History of the Inner Sound CurrentBy D. H. Reed | Category: Inner Sound
It seems that the inner sound current has been known by quite a few people in several different periods of history, but how many of us in the modern western world have ever heard of it? Not too many it appears. There might be reasons why.
This inner sound current is a rumored to be powerful energy force that can drive you in the direction you are focused. Until you have really mastered control of your focus in life, increasing or using this energy could potentially be a dangerous thing to do. In other words, if you are focused on the disasters or negative things in your life, the sound current will drive you there with more force that you are normally used to. But if you are focused on the positive, brighter things of life and can stay away from, or above, the emotional dramas of life, the sound current can enrich your life. It is because this is a powerful spiritual tool that lies within the grasp of every human being, that many spiritual systems throughout history have kept the knowledge of sound current teachings very secret. Historically, these hidden techniques were only made available to initiates who were willing to accept complete responsibility for their attitudes and actions. That is still true today, but maybe some things have changed. To gain some modern perspective of the sound current, a little history is probably in order here.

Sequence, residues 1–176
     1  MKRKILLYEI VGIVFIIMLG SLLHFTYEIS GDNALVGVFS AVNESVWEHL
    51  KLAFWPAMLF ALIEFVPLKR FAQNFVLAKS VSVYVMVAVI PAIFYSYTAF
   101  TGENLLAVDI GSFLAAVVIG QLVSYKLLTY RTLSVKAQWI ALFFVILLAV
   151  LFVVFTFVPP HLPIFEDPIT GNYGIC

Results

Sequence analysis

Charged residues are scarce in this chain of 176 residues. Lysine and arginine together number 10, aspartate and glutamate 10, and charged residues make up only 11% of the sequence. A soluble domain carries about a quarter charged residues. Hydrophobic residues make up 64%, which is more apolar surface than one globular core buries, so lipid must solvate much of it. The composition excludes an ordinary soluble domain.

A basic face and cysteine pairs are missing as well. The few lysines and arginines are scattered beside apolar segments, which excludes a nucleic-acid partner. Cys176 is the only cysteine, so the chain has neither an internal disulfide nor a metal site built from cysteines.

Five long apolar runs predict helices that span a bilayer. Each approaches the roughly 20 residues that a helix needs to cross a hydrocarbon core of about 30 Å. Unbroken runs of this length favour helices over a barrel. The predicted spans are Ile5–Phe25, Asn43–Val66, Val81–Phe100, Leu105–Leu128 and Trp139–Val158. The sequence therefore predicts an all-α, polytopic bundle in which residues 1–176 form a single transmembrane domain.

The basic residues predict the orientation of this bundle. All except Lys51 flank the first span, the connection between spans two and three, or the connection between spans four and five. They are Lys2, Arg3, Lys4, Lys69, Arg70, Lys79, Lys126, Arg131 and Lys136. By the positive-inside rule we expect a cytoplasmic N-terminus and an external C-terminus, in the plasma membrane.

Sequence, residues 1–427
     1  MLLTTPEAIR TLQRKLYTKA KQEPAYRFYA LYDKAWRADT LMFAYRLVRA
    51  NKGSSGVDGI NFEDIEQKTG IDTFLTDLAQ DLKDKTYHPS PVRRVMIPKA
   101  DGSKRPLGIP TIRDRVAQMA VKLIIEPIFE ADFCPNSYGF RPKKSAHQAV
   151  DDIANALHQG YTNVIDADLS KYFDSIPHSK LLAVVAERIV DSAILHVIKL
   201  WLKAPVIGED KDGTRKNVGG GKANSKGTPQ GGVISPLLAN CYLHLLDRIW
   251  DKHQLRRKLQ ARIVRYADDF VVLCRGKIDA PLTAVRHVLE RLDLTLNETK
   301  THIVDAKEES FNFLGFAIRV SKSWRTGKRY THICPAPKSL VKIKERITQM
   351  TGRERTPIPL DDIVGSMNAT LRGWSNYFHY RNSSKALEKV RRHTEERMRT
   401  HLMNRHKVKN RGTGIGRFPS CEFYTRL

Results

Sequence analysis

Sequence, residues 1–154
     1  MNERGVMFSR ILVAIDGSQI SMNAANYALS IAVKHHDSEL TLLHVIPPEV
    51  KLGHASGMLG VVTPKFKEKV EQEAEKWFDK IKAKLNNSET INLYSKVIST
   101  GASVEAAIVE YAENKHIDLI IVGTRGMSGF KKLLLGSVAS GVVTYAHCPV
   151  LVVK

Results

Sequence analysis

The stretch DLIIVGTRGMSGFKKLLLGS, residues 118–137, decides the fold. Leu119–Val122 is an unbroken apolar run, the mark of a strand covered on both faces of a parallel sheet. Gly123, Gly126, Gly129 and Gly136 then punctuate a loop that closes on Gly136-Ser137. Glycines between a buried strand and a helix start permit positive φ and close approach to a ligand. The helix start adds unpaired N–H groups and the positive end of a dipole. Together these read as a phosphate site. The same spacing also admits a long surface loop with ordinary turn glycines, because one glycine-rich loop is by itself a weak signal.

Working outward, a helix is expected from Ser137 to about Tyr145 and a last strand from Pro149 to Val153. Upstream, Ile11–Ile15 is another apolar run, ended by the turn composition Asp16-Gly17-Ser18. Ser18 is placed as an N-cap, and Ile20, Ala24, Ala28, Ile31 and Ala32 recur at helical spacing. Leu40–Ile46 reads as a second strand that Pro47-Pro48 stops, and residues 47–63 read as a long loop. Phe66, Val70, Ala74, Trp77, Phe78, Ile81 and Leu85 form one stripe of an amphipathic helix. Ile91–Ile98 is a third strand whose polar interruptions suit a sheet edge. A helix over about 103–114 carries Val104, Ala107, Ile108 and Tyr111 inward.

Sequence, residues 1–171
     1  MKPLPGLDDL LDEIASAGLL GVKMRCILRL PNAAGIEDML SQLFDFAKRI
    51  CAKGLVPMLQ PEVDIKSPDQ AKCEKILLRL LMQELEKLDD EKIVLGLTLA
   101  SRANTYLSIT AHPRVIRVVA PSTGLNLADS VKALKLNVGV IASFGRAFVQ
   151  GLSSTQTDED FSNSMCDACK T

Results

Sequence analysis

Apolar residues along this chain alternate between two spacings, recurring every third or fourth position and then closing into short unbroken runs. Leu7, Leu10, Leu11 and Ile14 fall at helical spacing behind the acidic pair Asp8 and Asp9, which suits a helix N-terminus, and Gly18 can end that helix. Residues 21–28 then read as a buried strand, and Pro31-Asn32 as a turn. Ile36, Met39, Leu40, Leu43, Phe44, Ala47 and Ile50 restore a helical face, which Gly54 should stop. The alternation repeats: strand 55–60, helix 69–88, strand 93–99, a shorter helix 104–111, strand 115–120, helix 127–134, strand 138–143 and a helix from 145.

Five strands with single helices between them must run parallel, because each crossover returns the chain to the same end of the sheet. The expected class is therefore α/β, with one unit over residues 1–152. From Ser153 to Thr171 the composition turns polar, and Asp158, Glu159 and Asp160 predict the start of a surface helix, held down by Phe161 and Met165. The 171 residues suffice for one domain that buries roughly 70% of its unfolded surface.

Plato wrote that the Creator constructed the cosmos according to musical intervals and proportions. The Sufis believe that God created the world from sound. Virtually every civilization in the world has had some type of creation myth that involved sound, usually sound that was equated with consciousness and that sound was the first creation, so that everything else created came from sound. There are hints the ancient Egyptians and many of the mystery schools knew about the inner sound current, as well as the secret mystic sects of most religions. But even so, it has been kept hidden very well over the centuries.